Food & Water: Using Water Smarter

Article by Amanda Jasi

Amanda Jasi reports on a project that aims to introduce circular symbiotic arrangements between industry and water service providers

WATER is vital to life, serving industry, agriculture, and the public. But clean water scarcity is a major problem facing the world currently, with strain on the system expected to continue growing. This makes improving efficiency and protecting groundwater increasingly important.

Industry is a major water user, accounting for about 40% of water abstraction in Europe. The Chemical Engineer spoke with researchers involved in the Horizon 2020 funded project Ultimate, which aims to catalyse water smart industrial symbiosis (WSIS). Project coordinator Gerard van den Berg said this would create economic value and increased sustainability by introducing circular symbiotic arrangements between industry and water service providers. Van den Berg is a Team Manager at water research institute KWR, which leads the project.

According to van den Berg, Ultimate is one of the first projects to focus on WSIS. It comprises nine case studies in “four of the most relevant industrial sectors in Europe” –(petro)chemicals, biotechnology, agro-food, and beverages – “showcasing the potential for achieving water smart symbiosis while contributing to economic growth”.

Transformation of the traditional linear production-consumption-disposal chains to circular water systems is key to the success

While emphasis is on water, by turning wastewater into a resource, the project is also expected to achieve extraction and exploitation of energy and materials. Several of the studies include work in energy and/or materials.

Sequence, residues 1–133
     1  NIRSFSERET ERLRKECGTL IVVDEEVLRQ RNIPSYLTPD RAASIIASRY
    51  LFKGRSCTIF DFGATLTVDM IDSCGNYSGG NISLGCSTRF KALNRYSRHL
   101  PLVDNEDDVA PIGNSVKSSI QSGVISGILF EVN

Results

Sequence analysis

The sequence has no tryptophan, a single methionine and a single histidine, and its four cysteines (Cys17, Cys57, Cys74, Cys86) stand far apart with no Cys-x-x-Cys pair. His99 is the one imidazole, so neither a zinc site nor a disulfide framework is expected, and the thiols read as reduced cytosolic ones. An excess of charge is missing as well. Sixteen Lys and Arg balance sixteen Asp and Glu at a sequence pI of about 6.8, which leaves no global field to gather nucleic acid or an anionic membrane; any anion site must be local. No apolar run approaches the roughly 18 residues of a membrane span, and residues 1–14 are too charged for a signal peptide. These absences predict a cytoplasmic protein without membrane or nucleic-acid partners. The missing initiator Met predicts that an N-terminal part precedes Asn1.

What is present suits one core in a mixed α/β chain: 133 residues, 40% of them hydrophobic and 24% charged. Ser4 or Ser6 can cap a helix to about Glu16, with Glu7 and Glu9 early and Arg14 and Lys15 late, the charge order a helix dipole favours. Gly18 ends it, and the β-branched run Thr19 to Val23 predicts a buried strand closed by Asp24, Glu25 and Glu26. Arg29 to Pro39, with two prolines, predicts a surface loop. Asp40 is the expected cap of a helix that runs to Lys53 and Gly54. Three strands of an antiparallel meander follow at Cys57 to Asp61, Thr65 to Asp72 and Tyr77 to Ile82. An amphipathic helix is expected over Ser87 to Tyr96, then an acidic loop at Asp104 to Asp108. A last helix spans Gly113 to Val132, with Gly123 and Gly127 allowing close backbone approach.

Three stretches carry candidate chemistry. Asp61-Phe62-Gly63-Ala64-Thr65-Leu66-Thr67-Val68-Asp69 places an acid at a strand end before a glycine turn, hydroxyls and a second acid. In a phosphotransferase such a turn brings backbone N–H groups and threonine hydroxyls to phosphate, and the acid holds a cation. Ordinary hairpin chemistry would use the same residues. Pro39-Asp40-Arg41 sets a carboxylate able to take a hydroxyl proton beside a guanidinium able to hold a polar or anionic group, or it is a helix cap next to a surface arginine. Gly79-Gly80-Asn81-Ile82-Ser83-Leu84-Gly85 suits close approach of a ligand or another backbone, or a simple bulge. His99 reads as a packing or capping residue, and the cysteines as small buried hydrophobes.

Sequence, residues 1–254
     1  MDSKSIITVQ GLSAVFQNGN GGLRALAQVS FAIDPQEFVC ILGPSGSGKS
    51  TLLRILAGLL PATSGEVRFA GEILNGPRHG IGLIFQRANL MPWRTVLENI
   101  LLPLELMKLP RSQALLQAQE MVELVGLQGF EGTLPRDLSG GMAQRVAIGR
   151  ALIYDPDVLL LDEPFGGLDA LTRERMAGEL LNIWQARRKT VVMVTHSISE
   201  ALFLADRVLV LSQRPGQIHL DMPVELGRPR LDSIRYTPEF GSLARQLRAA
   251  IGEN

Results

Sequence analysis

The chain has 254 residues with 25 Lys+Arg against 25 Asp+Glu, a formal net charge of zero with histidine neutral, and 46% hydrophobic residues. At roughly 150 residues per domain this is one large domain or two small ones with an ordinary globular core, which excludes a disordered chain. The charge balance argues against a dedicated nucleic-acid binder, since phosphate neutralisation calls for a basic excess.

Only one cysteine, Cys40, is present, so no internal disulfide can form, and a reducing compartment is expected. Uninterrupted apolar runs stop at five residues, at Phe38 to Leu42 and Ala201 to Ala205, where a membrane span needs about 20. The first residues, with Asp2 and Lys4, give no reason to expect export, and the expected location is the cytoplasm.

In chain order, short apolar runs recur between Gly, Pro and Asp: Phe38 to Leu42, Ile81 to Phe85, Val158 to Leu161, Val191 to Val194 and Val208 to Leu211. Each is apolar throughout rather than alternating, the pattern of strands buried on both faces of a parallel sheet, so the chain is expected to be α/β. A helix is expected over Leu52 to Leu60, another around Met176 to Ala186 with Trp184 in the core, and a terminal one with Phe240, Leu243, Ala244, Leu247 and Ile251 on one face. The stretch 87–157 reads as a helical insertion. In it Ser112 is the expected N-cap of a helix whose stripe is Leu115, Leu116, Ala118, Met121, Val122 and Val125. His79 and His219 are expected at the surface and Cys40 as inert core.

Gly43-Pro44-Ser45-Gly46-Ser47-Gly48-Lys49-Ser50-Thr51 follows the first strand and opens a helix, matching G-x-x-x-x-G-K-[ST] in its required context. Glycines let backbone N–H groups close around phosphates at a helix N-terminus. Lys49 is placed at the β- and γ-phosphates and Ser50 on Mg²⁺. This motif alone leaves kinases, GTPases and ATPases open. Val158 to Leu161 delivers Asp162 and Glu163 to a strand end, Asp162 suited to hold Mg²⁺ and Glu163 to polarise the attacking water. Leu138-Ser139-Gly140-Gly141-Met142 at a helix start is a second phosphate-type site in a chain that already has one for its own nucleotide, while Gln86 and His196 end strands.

Van den Berg said that circular economy aims to reduce resource depletion, environmental degradation, and potentially increased competition for scarce resources including water and embedded compounds.

“It is widely recognised that water, due to its natural origin and involvement in several processes, plays a central role in achieving these goals. We feel that transformation of the traditional linear production-consumption-disposal chains to circular water systems is key to the success.”

Cutting the salt

A case study based in Rosignano, Italy builds on the existing Aretusa collaboration which supplies Solvay’s Italian chemical production business with about 3m m3/y reclaimed wastewater for industrial use, primarily for cooling towers. This collaboration has saved about 40m m3 of water for drinking purposes since supply began.

The Aretusa plant is for tertiary treatment and receives water that has been through conventional wastewater plants in Cecina and Rosignano. Under Ultimate, the Italian project aims to maximise recovery by solving the issue of high salinity flux which hinders reuse at Solvay. This can result from seawater and other salty water intrusion into the sewer system enroute to Aretusa.

Article by Amanda Jasi

Staff reporter, The Chemical Engineer

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